Cameron Presley F# - User needs to make a selection based from a list

Created by Cameron Presley last modified
open System
let rec userMakesAChoice prompt selectionValidator options =
        match options with
        | [] -> None
        | _ -> 
            prompt options
            let result = Console.ReadLine()
            match selectionValidator result options with
            | None -> userMakesAChoice prompt selectionValidator options
            | Some x -> Some x

// Defining the prompt
let promptUserForHowManyPlayers numbers = numbers |> List.iter (fun x -> printfn "%A" x)

// Defining valid options
let validNumPlayerChoices = [2; 3; 4; 5;]

// Defning selection validator
let validateNumPlayers selection options =
    match selection |> Int32.TryParse with
    | (false,_) -> None
    | (true, value) -> options |> List.tryFind (fun x -> x = value)
// Example usage
userMakesAChoice promptUserForHowManyPlayers validateNumPlayers validNumPlayerChoices

Comments (5)

  1. Vasily Kirichenko

    Using HOFs so wildly makes the code very hard to read. Is it necessary to pass validation and prompt logic as functions?

    1. Cameron Presley

      First off, thanks for looking at the snippet, we all do better if we learn together.

      For the problem I was trying to solve, I believe so. In this card game simulation I'm working on, I'm asking the user to choose an opponent and/or a card as well. I originally wrote the logic for these two cases separate, but I noticed that they were very similar to one another, so I wanted to see if there were some generic way I can define how a user makes a choice and then for when asking for a card, I can load the certain functions whereas for when I'm asking for a player, I can pass different ones.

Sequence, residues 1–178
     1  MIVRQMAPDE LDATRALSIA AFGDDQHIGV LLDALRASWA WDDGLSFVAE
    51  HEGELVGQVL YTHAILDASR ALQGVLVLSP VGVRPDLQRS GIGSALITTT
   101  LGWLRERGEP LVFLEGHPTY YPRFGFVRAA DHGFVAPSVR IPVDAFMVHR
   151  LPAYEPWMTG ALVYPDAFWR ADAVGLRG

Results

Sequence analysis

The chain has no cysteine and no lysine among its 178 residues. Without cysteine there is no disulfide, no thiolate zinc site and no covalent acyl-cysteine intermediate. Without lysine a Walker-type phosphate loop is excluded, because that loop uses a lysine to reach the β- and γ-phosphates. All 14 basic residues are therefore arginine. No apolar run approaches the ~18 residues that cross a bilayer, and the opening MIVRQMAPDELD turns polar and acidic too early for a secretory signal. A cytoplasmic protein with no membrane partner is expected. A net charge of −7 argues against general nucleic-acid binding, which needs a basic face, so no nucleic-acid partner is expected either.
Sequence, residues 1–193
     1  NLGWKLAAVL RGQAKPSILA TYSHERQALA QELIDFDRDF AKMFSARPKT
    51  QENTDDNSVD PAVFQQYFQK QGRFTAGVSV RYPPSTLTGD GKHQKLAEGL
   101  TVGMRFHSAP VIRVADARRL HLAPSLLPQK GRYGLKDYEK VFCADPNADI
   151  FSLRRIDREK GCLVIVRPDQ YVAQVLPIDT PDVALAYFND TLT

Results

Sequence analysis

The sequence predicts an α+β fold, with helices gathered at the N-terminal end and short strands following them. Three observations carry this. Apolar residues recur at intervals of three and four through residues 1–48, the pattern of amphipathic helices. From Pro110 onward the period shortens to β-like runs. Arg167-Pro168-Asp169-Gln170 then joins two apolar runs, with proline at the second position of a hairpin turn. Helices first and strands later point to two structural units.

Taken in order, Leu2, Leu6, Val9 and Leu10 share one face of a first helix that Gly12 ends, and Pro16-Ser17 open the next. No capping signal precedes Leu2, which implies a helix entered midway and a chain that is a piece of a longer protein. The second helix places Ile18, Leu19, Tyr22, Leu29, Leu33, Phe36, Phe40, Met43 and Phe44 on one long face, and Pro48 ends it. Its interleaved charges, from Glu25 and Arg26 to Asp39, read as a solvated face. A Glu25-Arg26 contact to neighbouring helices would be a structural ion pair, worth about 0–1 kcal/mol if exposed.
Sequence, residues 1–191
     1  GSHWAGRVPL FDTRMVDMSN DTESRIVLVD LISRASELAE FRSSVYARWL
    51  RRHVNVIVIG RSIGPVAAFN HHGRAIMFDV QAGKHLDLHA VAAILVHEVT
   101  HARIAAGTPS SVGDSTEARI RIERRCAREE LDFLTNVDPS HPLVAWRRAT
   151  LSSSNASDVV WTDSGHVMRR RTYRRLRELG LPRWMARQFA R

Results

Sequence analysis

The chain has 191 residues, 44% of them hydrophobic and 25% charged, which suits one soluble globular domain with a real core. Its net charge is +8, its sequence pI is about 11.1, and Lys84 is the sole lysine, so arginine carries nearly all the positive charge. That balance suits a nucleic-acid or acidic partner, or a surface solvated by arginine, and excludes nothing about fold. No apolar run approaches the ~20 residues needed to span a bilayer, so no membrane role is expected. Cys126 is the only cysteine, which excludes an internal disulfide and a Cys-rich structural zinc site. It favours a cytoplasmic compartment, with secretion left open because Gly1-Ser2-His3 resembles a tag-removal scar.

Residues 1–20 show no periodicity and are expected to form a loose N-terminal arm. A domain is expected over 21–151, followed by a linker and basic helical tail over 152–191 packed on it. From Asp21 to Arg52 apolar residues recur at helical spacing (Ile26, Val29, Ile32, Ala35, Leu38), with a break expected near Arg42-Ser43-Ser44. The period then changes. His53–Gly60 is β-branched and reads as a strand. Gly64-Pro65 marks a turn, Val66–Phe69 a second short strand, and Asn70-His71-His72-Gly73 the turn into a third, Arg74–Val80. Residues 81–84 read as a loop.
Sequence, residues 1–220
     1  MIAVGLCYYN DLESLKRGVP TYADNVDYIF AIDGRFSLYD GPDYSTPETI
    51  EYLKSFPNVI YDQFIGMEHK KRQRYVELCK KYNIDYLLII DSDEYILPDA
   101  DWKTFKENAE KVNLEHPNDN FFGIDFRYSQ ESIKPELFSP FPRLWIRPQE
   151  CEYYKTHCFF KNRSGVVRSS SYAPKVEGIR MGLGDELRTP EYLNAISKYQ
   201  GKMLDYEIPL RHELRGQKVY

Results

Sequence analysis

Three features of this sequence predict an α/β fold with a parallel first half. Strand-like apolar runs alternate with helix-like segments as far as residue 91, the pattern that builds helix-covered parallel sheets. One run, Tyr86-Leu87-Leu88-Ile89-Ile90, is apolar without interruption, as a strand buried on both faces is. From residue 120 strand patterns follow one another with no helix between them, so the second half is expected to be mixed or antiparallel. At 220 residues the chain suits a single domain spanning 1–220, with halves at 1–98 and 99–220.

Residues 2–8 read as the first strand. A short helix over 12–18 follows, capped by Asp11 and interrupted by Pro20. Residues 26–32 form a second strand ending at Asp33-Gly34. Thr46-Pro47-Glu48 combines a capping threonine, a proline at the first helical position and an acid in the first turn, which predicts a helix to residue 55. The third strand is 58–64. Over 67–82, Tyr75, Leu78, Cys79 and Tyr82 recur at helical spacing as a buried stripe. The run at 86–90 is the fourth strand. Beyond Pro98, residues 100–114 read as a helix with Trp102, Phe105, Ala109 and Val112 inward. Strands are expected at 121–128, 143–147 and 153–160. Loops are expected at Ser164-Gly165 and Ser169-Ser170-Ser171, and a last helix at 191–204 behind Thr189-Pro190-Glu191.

I can see your point that using HOFs can be a bit confusing, but I'm not sure what else I could've have done. I'm completely open to suggestions, so any feedback would be great.

  2. Vasily Kirichenko
    open System
    let rec userMakesAChoice selectionValidator = function
        | [] -> None
        | options -> 
            options |> List.iter (printfn "%A")
            |> selectionValidator options
            |> Option.tryFillWith (fun _ -> userMakesAChoice selectionValidator options)
    let parseInt s = match Int32.TryParse s with true, x -> Some x | _ -> None
    let validateOptions options value = options |> List.tryFind ((=) value)
    let (>=>) f g = f >> Option.bind g
    let validateNumPlayers options = parseInt >=> validateOptions options
    userMakesAChoice validateNumPlayers [ 2..5 ]
    1. Cameron Presley

      Some Questions if you have the time:

      1. I've never seen the function keyword before, but it looks like a combination of match with a single param. That's definitely interesting.
      2. I've also never seen Option.tryFillWith before, but it looks like it'll take the value if it's some, otherwise, it looks like it recurses, is that correct?
      3. Also, I'm not sure why you defined (>=>) and why that's being sued, could you elaborate a bit more on that?


      1. chosen breed

        Hi Cameron. Thanks for sharing the code. Yeah readability could be an issue but that is can be a subjective quality ;-). I think F# gives us the power to be really expressive. With that power comes some responsibility. I think I understand what's going on. With regards to Vasily's implementation I'll let him comment :-)


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